451’s container orchestration usage survey – Notebook


As part of CoreOS’s conference this week, 451 put out a sponsored study on container orchestration. It’s been much cited and is free, so it’s worth taking a look. Here’s my highlights and notes:

  • Leadgen yourself to CoreOS get a copy of the report.
  • This report is really more of a “container orchestration usage” report than much about “hybrid cloud.”
  • Demographics:
    • “We surveyed 201 enterprise IT decision-makers in April and May 2017. This was not a survey of developers; rather, we received responses from those in C-level and director-level positions, including CISO, CTO, CIO, director of IT, IT Ops and DevOps, and VPs and managers of IT.”
    • All from the US
    • “All of our survey respondents came from organizations using application containers, and all were familiar with their organization’s use of containers.” – This survey, then, tells you what people who’re already using containers are doing, not what the entire market is thinking and planning on.
    • “A significant slice of the survey respondents represented large enterprises.”
  • Organizations are hoping to use containers for “[a] ‘leapfrog’ effect, whereby containers are viewed as a way to skip adoption of other technologies, was tested, and a majority of respondents think Kubernetes and other container management and orchestration software is sufficient to replace both private clouds and PaaS.”
  • Obviously I’m biased, being at Pivotal, but the question here is “to do what?” As we like to say around here, you’re going to end-up with a platform. People need a “platform” on-top of that raw IaaS, and as things like Icito show (not to mention Pivotal’s ongoing momentum), the lower levels aren’t cutting the mustard.
  • There’s an ongoing semantic argument about what “PaaS” means to be mindful of, as well: in contexts like these, the term is often taken to mean “that old stuff, before, like 2009.” At the very least, as with Gartner’s PaaS Magic Quadrant, the phrase often means means “only in the public cloud.” Again, the point is: if you’re developing and running software you need an application development, middleware, and services platform. Call it whatever you like, but make sure you have it. It’s highly likely that these “whatever you want to call ‘PaaS’ PaaSes” will run on-top of and with container orchestration layers, for example, as Cloud Foundry does and is doing.
  • That said, it’s not uncommon for me to encounter people in organizations who really do have a “just the containers, and maybe some kubernates” mind-set in the planning phase of their cloud-native stuff. Of course, they frequently end-up needing more.
  • Back to the survey: keeping in mind that all respondents were already using containers (or at least committed to doing so, I think), ~27% had “initial” production container use, ~25% of respondents had “broad” containers in production. So, if you were being happy-path, you’d say “over half of respondents have containers in production.”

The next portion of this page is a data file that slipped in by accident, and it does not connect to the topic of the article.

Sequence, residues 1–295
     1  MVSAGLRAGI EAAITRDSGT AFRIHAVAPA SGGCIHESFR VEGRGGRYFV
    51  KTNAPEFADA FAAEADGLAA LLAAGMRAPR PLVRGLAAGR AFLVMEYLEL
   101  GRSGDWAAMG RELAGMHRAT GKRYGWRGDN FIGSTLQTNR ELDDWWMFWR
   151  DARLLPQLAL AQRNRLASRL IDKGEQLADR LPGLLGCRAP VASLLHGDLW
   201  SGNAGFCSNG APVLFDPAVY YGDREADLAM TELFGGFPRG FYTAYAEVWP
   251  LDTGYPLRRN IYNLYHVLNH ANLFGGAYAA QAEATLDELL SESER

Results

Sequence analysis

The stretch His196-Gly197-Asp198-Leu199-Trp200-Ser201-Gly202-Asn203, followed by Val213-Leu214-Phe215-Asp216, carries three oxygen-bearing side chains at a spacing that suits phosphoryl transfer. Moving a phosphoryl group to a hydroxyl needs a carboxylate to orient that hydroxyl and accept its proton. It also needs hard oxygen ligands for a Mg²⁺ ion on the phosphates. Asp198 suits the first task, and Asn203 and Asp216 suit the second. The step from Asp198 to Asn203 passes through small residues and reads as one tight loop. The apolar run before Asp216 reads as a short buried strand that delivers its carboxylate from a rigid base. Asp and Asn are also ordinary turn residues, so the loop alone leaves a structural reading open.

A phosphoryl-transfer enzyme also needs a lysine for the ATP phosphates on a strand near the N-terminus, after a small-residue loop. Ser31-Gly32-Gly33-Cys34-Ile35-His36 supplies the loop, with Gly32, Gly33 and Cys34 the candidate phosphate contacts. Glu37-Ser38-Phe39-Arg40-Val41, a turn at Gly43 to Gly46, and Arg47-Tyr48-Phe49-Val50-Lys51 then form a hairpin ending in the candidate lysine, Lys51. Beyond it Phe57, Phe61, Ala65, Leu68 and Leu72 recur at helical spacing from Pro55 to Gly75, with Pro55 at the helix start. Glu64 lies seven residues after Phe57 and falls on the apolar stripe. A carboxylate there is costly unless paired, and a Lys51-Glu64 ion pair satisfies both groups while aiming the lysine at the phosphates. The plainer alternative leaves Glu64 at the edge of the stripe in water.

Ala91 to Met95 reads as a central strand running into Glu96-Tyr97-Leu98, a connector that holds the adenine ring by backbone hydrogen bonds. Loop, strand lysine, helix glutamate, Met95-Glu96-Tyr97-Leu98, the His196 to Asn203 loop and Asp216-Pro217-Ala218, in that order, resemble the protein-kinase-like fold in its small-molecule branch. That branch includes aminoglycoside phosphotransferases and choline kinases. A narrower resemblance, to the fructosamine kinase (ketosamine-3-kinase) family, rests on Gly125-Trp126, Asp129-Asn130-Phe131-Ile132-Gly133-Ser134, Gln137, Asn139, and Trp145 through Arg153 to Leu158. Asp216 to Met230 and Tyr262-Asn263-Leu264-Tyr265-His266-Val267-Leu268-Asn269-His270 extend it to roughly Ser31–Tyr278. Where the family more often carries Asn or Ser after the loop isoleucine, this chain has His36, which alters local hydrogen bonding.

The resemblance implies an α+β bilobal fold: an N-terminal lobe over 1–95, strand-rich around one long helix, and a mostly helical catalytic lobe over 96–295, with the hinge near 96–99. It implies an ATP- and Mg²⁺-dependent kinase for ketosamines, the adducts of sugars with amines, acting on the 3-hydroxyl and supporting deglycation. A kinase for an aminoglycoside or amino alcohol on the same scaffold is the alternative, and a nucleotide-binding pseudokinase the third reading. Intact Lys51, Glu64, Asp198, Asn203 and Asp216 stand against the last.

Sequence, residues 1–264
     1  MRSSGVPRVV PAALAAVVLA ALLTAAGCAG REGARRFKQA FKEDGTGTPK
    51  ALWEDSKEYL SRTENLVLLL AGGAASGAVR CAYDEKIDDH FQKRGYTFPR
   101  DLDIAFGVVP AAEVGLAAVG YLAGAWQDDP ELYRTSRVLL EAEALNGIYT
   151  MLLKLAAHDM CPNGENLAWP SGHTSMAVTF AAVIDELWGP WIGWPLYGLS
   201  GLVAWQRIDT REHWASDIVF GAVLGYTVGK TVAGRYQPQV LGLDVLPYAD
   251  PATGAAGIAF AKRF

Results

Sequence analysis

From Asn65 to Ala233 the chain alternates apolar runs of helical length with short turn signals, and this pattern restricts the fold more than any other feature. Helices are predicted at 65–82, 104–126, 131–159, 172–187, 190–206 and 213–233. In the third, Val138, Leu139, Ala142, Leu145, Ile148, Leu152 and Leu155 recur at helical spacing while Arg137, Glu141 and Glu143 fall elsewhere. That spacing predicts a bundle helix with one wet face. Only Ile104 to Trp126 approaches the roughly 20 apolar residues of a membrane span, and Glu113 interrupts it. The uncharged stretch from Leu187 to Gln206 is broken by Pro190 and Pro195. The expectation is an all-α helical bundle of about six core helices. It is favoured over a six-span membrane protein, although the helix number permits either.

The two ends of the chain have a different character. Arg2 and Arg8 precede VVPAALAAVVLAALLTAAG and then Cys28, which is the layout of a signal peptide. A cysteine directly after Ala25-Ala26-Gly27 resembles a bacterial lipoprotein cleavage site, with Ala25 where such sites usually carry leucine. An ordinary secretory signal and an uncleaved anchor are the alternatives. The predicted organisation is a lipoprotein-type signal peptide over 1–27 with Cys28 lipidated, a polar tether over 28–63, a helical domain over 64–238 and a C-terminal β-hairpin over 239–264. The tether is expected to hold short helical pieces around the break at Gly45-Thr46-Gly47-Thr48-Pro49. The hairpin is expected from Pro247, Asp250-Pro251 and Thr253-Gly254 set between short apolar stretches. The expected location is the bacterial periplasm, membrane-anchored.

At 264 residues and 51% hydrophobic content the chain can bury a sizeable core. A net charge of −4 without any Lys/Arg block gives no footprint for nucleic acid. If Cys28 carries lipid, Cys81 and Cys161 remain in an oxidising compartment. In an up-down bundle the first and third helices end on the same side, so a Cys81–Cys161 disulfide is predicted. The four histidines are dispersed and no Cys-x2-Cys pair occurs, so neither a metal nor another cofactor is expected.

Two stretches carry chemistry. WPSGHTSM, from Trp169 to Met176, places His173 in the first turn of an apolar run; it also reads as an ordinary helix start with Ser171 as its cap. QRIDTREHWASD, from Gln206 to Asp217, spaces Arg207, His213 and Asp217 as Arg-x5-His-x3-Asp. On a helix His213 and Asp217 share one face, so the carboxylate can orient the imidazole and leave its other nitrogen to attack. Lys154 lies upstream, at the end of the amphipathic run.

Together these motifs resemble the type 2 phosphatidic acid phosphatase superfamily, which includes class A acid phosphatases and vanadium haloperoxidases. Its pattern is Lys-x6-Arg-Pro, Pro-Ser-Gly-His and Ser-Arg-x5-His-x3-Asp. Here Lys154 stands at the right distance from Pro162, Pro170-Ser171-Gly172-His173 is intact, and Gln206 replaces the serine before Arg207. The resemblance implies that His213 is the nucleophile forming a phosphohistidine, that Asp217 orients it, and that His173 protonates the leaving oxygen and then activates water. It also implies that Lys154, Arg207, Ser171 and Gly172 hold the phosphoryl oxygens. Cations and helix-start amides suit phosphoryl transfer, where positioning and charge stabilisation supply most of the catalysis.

• In a broader survey (where, presumably, not every enterprise was already using containers), of 300+ enterprises, production container use was: 19% in initial production, 8% were in broad production implementation.
  • Nonetheless, 451 has been tracking steady, high growth in container usage for the past few years, putting the container market at $2.7B by 2020 and $1.1bn in 2017.
  • As the report says, it’s more interesting to see what benefits users actually find once they’re using the technology. Their original desires are often just puppy-love notions after actual usage:

  • Interesting note on lock-in: “Given that avoiding vendor lock-in is generally a priority for organizations, it might seem surprising that it was not ranked higher as an advantage since much of the container software used today is open source… However, our respondents for this study were users of containers, and may have assumed that the technology would be open source and, thus, lock-in less of a concern.” (There’s a whole separate report from Gartner on lock-in that I’ll take a look at, and, of course, some 140 character level analysis.)
  • On marketshare, rated by usage, not revenue:

  • On that note, it’s easy to misread the widely quoted finding of “[n]early three-quarters (71 percent) of respondents indicated they are using Kubernetes” as meaning only Kubernetes. Actually, people are using many of them at once. The report clarifies this: “The fact that almost 75% of organizations reported using Kubernetes while the same group also reported significant use of other container management and orchestration software is evidence of a mixed market.”

As one last piece of context, one of the more recent Gartner surveys for container usage puts usage at around 18%, with 4% of that being “significant production use”:


Of course, looks at more specialized slices of the market find higher usage.

This early in the container market, it’s good to pay close attention to surveys because the sample size will be small, selective, and most people will only have used containers for a short while. But, there’s good stuff in this survey, it’s definitely worth looking at and using.

~9m/yr. VR unit shipments in context


Simon Sharwood pulls together some shipment numbers to put VR headset shipments in context.

The tl;dr on annual shipments: 9.2m VR headsets, vs. 135.6m wearbles, vs. ~1.5bn smartphones.

Details

VR headsets have a runrate of, like, 9.2m units:

Virtual reality headsets are moving at a rate of 2.3 million a quarter

But, fast growing:

IDC says shipments are up 77.4 per cent year over year.

Meanwhile, wearables are at something like “33.9 million shipments a month,” like a runrate of 135.6m units.